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Bloomberg: Chevron Profit Rises on Divestiture, Gasoline Prices (Update3)

By Joe Carroll
 
David O’Reilly, CEO of Chevron Corp. July 27 (Bloomberg) — Chevron Corp., the second-largest U.S. oil producer, posted its highest quarterly earnings ever after gasoline prices rose to a record and the company sold its stake in Dynegy Inc. at a profit.

Second-quarter net income climbed to $5.38 billion, or $2.52 a share, from $4.35 billion, or $1.97, a year earlier, San Ramon, California-based Chevron said today in a statement. The profit increase, at 24 percent, was the biggest among the world’s five largest investor-owned oil companies.

A $680 million gain on the Dynegy sale made up for lower oil prices and a decline in output, factors that caused Chevron’s bigger rival, Exxon Mobil Corp., to report a drop in profit. Chevron’s third-largest refinery resumed production after being repaired, allowing Chief Executive Officer David O’Reilly to take advantage of record profit margins on gasoline and diesel.

“We’ve seen quite a pickup in gasoline margins,” said John Escario, who helps manage $15 billion, including Chevron shares, at Rydex Investments in Rockville, Maryland. “We’ll need to see some economic growth for those to remain fairly strong.”

Revenue rose 4.8 percent to $56.1 billion, Chevron said.

The company’s shares climbed 3 cents to $87.49 at 9:40 a.m. in New York Stock Exchange composite trading. The stock has risen 19 percent this year, outperforming shares of Exxon Mobil and ConocoPhillips.

Dynegy Sale

Chevron sold its 12 percent stake in Dynegy, a Houston- based power producer, in May. Excluding the divestiture and costs for early debt redemption, profit was about $2.28 a share, matching the average of 16 analyst estimates compiled by Bloomberg.

O’Reilly, 60, is expanding in Russia, India, Angola and the Gulf of Mexico to compensate for declining oil output from old fields in California and Indonesia, the company’s two largest sources of crude.

Profit from oil and natural-gas sales rose 11 percent to $3.64 billion as higher U.S. gas prices made up for a 1.5 percent drop in output from the company’s wells.

Refining profit rose 30 percent to $1.3 billion amid record second-quarter gasoline demand in the U.S. Retail gasoline prices jumped to an all-time high of $3.22 a gallon in May as refinery breakdowns reduced fuel supplies.

Chemicals Profit Rises

Chemicals earnings rose 11 percent to $104 million as profit margins on lubricants widened, the company said.

Chevron postponed two Gulf of Mexico oil projects valued at $6.5 billion last month. Shackles needed to connect the production platform to the seafloor were found to be faulty, forcing the company to delay its Tahiti project, which had been scheduled to begin pumping oil and gas next year. The Jack project in the Gulf is delayed by a shortage of drilling rigs.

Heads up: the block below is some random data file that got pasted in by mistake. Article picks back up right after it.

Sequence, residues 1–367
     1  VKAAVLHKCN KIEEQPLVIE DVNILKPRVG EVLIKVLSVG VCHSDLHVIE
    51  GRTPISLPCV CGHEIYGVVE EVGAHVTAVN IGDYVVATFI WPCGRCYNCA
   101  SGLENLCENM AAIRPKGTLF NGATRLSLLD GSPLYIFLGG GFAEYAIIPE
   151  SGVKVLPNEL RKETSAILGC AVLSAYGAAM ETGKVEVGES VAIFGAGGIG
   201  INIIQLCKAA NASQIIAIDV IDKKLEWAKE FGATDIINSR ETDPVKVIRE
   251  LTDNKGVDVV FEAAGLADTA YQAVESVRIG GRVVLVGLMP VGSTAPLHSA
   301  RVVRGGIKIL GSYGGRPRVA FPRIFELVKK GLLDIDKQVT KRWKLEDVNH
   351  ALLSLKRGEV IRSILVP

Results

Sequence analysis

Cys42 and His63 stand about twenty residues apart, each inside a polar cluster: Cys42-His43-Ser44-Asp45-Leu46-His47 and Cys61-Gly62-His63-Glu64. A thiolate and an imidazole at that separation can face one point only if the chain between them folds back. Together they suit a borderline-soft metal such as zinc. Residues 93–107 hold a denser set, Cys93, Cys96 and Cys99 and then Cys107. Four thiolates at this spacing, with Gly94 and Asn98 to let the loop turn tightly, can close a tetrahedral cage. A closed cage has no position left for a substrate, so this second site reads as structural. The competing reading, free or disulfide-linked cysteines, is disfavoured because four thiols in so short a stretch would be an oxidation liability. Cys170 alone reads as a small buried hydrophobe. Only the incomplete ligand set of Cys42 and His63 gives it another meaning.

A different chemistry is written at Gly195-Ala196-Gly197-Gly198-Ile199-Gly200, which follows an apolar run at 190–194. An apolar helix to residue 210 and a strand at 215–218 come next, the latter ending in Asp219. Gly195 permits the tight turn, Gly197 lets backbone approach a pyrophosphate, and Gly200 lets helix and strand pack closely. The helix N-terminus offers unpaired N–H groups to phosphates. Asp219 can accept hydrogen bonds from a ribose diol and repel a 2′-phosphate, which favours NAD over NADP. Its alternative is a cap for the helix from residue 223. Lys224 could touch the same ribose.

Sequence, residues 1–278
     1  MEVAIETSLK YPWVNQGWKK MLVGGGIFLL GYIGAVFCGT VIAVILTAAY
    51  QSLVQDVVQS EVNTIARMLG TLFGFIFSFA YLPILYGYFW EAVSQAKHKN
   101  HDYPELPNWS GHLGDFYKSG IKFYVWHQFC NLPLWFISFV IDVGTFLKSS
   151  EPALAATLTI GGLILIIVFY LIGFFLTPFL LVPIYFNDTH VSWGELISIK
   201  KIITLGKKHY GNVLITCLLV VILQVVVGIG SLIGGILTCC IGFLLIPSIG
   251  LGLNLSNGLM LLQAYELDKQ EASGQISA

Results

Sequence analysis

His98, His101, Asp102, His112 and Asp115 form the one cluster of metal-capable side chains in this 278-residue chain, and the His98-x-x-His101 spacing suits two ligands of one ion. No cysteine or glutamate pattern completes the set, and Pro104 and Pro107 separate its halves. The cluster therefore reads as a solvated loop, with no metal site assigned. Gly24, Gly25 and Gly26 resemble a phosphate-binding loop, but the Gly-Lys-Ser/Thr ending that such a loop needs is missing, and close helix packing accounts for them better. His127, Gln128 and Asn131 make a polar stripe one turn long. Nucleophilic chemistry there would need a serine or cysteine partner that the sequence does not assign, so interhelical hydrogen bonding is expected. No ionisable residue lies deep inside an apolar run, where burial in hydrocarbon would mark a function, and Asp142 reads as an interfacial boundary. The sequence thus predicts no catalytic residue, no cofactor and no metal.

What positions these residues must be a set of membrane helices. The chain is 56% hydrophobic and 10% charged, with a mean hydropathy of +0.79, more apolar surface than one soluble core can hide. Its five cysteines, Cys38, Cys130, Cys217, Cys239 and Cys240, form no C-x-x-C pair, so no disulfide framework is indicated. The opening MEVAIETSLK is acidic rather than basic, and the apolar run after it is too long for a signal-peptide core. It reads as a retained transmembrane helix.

Chevron’s report comes a day after Irving, Texas-based Exxon Mobil, the world’s biggest oil company, posted a 1 percent decline in second-quarter profit, to $10.3 billion, falling short of analyst estimates. Earlier this week, ConocoPhillips, the third-biggest U.S. oil company, said its net income plunged 94 percent to $301 million.

Royal Dutch Shell Plc, Europe’s biggest oil producer, yesterday announced an 18 percent gain in profit, to $8.67 billion. Also this week, the U.K.’s BP Plc said its net income rose 1.5 percent to $7.38 billion.

Spending Plans

Chevron’s O’Reilly, a Dublin-born chemical engineer, in March set a goal of raising oil and gas production by 3 percent or more annually through 2010. Toward that end, the company plans to spend $19.6 billion this year on new wells, refinery expansions and liquefied natural-gas projects.

Rising rig rents and labor costs probably will inflate Chevron’s exploration spending by 8 percent this year to $17.53 per barrel of production from $16.29 in 2006, according to William Featherston, an analyst at UBS Securities LLC in New York. That’s equal to the increase expected for Exxon Mobil and more than the 5 percent rise anticipated for ConocoPhillips.

U.S. oil futures averaged $65.02 a barrel during the second quarter, down 8.1 percent from a year earlier, as equipment failures, power outages and fires shut some refineries, causing stockpiles of unused oil to accumulate.

Benchmark gas futures in New York averaged $7.655 per million British thermal units, 15 percent higher than a year earlier, amid concern that hot summer weather would stoke demand for power from gas-fueled generators to run air conditioners.

To contact the reporter on this story: Joe Carroll in Houston at [email protected] .

Last Updated: July 27, 2007 09:53 EDT

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